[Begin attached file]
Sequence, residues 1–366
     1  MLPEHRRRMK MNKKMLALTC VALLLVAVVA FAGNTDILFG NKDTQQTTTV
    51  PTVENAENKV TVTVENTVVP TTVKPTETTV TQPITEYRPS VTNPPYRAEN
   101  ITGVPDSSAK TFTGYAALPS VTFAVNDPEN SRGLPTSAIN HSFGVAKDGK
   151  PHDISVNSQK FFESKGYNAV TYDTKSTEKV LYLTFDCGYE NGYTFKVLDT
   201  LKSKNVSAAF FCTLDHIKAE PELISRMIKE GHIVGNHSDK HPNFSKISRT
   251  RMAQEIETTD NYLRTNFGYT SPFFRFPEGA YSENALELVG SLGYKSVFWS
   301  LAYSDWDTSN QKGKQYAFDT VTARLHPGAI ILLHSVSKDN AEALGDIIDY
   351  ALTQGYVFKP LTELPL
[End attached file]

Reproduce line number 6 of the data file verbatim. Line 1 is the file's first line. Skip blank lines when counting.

   201  LKSKNVSAAF FCTLDHIKAE PELISRMIKE GHIVGNHSDK HPNFSKISRT